Monday, November 19, 2012

What They Said Edition: Truman Capote

By: Michala T. 

When asked what are some of your writing habits, Capote replied:

I am a completely horizontal author. I can't think unless I'm lying down, either in bed or stretched on a couch and with a cigarette and coffee handy. I've got to be puffing and sipping. As the afternoon wears on, I shift from coffee to mint tea to sherry to martinis. No, I don't use a typewriter. Not in the beginning. I write my first version in longhand (pencil). Then I do a complete revision, also in longhand. Essentially I think of myself as a stylist, and stylists can become notoriously obsessed with the placing of a comma, the weight of a semicolon. Obsessions of this sort, and the time I take over them, irritate me beyond endurance.
The Paris Review, Issue 16, 1957

I personally do not smoke (anymore) and I've never drank coffee, though I do enjoy a hot chocolate every now and again. I can, however, completely understand where he is coming from when he said he can't think unless he is lying down. I love the ideas that I get in those moments right before I fall asleep. The problem is...when you are so close to sleeping you either 1.) are too lazy to get up to write the idea down, or 2.) fall asleep and forget the idea upon waking.  Now, I have found the perfect solution to this problem. Keep a recorder beside your bed so you can just hit the record button and voila! Idea saved and sleep embraced.

I wrote my first and second novellas in longhand. It wasn't terrible. I mean, back then there were typewriters and I did end up typing the stories but I preferred the closeness of my writing and thus longhand was my choice of poison. Today I have tried to go longhand and I wouldn't dare consider wish it on my enemy. Why the change? I had time when I was younger. I wrote everything longhand. Hell, I wrote twelve page letters to my best friend nearly every hour! And some of them were in our secret code (that we made up). Longhand is long and my hand tires easily these days.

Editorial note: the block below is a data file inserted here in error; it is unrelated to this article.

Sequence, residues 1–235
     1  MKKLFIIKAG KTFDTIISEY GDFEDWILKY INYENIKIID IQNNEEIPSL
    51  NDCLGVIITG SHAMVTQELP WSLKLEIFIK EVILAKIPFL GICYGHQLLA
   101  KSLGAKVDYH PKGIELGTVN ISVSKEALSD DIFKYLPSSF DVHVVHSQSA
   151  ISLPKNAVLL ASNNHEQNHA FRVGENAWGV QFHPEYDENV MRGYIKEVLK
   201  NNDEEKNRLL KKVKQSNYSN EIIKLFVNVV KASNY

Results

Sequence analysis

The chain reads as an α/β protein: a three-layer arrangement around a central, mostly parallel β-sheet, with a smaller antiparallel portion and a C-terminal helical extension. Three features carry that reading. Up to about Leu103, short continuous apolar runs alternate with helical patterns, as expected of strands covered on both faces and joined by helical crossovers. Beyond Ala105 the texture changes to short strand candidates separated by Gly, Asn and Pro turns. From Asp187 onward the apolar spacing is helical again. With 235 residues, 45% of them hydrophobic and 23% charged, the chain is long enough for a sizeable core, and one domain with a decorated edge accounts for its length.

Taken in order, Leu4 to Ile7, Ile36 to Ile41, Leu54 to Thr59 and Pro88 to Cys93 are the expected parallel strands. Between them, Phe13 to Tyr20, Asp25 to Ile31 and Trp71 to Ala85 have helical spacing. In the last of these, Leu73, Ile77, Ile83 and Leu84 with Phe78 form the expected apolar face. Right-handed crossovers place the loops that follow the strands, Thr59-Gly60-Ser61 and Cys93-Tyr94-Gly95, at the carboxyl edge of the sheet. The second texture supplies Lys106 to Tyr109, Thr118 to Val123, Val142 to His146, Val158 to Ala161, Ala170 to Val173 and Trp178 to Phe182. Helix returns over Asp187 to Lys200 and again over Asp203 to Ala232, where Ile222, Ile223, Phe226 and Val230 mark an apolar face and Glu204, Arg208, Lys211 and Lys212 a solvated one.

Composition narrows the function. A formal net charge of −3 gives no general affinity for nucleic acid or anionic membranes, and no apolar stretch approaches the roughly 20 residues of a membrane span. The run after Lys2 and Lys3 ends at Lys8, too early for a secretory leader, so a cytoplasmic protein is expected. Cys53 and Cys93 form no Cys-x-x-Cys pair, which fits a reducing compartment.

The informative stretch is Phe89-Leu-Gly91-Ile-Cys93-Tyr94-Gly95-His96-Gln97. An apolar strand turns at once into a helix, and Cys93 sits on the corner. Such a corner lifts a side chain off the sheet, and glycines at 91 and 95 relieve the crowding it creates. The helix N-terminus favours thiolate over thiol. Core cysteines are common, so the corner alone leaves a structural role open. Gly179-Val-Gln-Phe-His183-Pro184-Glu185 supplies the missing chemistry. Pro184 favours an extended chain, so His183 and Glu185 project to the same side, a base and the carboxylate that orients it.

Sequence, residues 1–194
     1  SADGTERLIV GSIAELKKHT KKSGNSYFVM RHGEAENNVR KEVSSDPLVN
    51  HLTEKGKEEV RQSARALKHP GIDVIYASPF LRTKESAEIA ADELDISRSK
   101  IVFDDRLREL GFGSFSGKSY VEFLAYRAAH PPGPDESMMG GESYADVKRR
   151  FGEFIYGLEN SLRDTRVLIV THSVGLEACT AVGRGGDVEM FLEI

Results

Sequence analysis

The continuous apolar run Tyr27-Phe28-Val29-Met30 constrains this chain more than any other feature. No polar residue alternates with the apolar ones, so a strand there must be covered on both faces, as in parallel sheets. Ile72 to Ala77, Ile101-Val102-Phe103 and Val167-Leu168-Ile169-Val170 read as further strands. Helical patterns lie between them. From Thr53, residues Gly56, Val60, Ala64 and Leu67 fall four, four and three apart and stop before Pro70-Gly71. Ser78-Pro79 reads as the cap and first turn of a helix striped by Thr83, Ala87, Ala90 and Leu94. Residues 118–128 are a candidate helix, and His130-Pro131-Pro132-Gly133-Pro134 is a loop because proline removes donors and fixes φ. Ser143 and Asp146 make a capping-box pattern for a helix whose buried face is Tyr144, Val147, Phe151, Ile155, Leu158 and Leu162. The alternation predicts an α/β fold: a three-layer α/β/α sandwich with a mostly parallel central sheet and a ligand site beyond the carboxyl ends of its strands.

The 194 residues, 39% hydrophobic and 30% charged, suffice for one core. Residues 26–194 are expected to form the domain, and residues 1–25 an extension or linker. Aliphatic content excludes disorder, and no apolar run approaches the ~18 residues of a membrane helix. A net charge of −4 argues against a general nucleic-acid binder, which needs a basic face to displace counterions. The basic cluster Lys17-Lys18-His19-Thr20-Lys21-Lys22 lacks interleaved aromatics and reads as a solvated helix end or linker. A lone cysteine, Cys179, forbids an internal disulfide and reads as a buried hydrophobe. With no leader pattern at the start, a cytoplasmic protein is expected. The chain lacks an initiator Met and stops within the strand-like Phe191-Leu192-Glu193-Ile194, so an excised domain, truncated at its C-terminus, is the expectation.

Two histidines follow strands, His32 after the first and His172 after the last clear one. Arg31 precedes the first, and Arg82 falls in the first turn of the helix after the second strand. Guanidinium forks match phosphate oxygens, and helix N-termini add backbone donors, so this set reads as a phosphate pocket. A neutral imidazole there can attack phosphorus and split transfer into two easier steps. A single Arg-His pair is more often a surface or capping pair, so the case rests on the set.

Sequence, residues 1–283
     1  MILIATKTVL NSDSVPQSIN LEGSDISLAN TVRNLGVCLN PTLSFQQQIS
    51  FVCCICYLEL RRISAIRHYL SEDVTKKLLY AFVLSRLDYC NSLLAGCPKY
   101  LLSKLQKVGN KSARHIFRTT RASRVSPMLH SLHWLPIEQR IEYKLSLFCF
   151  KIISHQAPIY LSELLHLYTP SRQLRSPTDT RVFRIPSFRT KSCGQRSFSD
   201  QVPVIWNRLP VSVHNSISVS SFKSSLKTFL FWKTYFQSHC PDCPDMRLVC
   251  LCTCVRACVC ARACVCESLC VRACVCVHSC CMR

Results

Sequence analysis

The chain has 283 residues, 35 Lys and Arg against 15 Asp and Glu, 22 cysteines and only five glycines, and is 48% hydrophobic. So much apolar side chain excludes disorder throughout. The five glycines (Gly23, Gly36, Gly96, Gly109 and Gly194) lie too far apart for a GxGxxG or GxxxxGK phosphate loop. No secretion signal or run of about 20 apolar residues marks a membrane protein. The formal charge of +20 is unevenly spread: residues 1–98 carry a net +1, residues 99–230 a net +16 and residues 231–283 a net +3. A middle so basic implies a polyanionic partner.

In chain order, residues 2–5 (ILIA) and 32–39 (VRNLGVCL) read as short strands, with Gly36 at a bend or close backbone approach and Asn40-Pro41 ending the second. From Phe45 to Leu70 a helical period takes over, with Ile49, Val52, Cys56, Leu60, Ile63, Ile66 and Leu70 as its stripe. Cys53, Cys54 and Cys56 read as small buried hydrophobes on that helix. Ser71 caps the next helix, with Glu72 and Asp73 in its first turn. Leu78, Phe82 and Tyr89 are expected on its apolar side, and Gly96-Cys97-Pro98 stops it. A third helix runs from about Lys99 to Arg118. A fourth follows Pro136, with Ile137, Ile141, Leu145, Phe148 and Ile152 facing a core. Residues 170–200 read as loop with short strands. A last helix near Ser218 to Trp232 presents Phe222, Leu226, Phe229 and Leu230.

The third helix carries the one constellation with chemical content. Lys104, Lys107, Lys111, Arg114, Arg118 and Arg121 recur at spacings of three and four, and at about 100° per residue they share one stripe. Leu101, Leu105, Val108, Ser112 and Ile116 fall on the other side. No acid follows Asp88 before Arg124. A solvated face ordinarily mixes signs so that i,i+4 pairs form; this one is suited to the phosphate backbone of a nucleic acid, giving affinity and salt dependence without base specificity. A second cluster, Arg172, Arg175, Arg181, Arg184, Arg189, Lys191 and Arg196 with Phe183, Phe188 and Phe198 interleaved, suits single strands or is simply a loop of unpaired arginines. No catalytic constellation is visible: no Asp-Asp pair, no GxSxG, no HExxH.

As for proofreading and editing, I tend to go crazy with my first draft and even my second draft. I don't like to constrict my writing by trying to get every period, semicolon, and run-on sentence corrected. I want it to be perfect but I don't need it perfect for me. I'm not obsessed over it like Capote was. I'm more likely to find someone who is proficient in that field and pay them to do it for me. Hey, we have to support each other, right?

Where do you get your most inspiring ideas? Do you have to be horizontal as well?



 

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